Rent strikes are not legal
Unlike labor strikes in which workers walk off their jobs and suffer loss of income, tenants in a rent strike remain in their units, living rent-free. Striking tenants could not be evicted until all code violations are fixed (the rent withholding law, MGL Ch 238, sec 8A), and advocacy groups would coach tenants how to sustain code violations as long as possible (refuse entry for repairs, create new code violations, etc.). Meanwhile, landlords remain legally bound to maintain this housing in full, code-compliant operating condition – despite tenants obstructing repairs. It is theft. The tenants incur a legal obligation to pay all past-due “withheld” rent – but it is almost never paid, making it a violation of the rental agreement and of state law.
The city should not be promoting advocacy groups that use illegal tactics.
Documented rent strikes
Last year, SPOA documented in this newsletter two rent strikes by City Life/Vida Urbana, the prominent tenant advocacy group in Boston, which is almost certainly behind this proposed “compromise.” In one rent strike, two owners (elderly Hispanic immigrant brothers getting ready to retire) lost more than $300,000, or more than a quarter of the value of their rental property (March 2016 newsletter).
In another rent strike, yet more tragically, a landlord and his family of five lost well over $5 million (October 2016 newsletter). The owner was forced to sell his property to a non-profit housing development group at a deliberately and greatly reduced value. Worse yet, because of the forced sale, he was forced to pay about $4 million in capital gains taxes when he wanted to continue his small business for its income to his family.
A host of attorneys told the judge that the property was in “deplorable” and “shabby” condition, complete lies with no evidence to back them up. Skip Schloming investigated and took dozens of photos of hallways, unit interiors, and exteriors, none of which showed any signs of poor conditions (no litter and no code violations in hallways or outside the row house buildings, and no interior code violations in several apartments except two small holes in the back wall of a closet and next to a window frame).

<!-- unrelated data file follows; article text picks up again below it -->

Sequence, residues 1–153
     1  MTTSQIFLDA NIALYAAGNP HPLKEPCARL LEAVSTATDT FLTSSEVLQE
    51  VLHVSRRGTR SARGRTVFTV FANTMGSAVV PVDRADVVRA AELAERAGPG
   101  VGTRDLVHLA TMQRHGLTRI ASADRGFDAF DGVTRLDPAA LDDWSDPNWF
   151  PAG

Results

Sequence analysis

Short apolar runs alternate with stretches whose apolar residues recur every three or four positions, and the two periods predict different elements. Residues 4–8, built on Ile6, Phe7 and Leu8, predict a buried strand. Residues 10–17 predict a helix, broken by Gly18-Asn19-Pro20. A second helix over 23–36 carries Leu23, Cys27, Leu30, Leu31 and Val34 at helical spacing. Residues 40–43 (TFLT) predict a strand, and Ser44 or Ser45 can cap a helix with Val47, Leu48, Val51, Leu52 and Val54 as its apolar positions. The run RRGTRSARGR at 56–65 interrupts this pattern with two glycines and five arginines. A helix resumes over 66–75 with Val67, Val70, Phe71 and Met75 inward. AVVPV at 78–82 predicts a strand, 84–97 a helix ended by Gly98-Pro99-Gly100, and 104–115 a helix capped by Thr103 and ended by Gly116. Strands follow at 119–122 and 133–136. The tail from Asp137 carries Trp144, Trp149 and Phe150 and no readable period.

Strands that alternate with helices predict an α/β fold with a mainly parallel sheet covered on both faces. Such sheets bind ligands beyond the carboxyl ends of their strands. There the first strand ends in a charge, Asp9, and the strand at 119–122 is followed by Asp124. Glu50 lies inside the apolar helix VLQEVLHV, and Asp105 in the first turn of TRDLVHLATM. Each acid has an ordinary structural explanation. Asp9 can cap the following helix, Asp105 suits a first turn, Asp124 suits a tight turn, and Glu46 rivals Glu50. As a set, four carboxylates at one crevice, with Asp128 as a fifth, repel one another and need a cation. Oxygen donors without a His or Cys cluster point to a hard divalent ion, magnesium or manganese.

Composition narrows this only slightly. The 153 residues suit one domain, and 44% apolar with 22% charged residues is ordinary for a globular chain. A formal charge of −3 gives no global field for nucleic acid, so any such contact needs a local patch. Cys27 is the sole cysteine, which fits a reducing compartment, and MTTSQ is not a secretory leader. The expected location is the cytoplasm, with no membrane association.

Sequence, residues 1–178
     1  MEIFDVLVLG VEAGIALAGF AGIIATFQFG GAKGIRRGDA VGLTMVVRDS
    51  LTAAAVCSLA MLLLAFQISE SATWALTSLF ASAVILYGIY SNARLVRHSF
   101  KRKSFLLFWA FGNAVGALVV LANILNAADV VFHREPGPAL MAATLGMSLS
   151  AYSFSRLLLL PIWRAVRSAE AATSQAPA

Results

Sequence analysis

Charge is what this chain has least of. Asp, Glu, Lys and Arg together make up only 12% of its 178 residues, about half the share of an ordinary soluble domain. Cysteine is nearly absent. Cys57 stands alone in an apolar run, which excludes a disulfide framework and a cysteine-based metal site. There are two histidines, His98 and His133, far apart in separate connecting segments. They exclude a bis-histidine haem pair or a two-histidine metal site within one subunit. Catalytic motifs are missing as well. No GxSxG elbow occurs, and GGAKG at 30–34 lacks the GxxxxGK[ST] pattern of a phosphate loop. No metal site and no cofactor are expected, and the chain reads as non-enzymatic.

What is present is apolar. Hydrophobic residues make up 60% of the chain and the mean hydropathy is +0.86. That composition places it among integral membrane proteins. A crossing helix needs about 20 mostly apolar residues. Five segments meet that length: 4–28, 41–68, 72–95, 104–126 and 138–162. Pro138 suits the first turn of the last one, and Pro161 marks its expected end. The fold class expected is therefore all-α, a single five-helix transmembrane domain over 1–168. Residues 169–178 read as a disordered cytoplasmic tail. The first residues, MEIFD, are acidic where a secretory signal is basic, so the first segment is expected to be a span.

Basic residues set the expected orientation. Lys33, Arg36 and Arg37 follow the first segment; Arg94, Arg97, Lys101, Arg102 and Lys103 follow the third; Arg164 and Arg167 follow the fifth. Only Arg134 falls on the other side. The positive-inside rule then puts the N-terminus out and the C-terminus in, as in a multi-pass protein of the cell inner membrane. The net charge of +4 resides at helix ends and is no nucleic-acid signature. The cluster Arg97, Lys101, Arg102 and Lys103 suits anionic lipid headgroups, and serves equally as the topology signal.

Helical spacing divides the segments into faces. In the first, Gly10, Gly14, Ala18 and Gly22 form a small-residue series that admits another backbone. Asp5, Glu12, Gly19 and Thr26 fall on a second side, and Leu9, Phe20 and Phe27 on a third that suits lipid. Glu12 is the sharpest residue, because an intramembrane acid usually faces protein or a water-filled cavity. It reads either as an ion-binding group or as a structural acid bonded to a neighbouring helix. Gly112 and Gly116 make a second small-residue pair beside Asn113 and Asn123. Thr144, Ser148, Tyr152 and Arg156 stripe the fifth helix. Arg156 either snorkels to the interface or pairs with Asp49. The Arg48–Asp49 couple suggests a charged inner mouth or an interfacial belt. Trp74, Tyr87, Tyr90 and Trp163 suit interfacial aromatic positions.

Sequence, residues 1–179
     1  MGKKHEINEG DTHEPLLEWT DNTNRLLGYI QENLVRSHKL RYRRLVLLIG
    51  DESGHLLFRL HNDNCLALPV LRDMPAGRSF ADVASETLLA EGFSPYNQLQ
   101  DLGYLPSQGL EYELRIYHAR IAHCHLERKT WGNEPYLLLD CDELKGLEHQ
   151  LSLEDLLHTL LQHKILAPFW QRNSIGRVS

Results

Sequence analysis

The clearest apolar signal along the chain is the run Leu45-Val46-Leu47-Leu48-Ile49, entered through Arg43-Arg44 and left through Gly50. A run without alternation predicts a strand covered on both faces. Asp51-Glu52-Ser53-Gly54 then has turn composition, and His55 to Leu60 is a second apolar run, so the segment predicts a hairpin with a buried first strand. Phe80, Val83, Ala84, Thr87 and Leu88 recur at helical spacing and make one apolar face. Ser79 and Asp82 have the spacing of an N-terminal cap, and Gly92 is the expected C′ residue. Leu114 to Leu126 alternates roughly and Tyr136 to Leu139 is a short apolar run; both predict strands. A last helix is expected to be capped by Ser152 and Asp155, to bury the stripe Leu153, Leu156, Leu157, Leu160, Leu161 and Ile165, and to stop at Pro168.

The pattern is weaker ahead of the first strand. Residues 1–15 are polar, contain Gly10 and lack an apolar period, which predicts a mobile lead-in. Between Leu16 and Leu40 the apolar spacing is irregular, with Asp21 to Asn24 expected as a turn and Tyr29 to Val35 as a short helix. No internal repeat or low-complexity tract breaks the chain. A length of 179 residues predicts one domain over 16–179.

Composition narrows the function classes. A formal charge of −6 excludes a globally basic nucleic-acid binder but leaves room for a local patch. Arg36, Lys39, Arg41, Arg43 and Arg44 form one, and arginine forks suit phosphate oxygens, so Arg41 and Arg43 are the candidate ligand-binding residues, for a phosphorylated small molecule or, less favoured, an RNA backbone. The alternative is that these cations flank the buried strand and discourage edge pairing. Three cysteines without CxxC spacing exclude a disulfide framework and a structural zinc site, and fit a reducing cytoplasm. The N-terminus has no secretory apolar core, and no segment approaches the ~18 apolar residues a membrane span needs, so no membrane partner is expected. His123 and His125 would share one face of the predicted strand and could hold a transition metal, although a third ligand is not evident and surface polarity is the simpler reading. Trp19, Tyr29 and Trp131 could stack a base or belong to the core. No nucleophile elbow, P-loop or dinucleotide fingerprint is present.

No private property anymore
City Life/Vida Urbana does not believe in private property. They want all rental housing to be owned by the government or non-profit groups. Rent strikes like these have the goal of deliberately reducing the value of the properties as much as possible and getting them bought by non-profit housing development groups. City Life/Vida Urbana achieved that goal in the second case, for sure.
For example, many of the city’s tenant advocacy groups showed up at a hearing on changes in the State Sanitary Code, which defines what constitutes code violations. These groups pushed for a requirement that if a building gets condemned, the landlord is responsible for providing alternate housing for all the tenants and then allowing the tenants back in to their original apartments – no doubt at the same rent they paid previously. Such a requirement would sink many landlords, who would simply walk away and abandon their property, making its value plummet and ready to be snatched up by non-profits. Just what tenant advocates want.
A useless study
The proposed ordinance only requires an annual report to the Council on the frequency of evictions by “neighborhoods,” not by specific addresses. The city, however, already knows this information in general, and what good has it been? Even if the data would be useful in theory, the data collected by this ordinance would be faulty, unreliable data. Any social scientist would confirm this issue. Many landlords would not comply, for many reasons including being unaware of the requirement or fearing rent strikes. The data would be lopsided and unrepresentative. The ordinance would be another compliance debacle like the rental inspections.
Most of the data the city wants is available at Boston Housing Court, or a social scientist who specializes in housing issues could do a study at far less cost than paying for employees to deal with these notices that will come in for years into the future.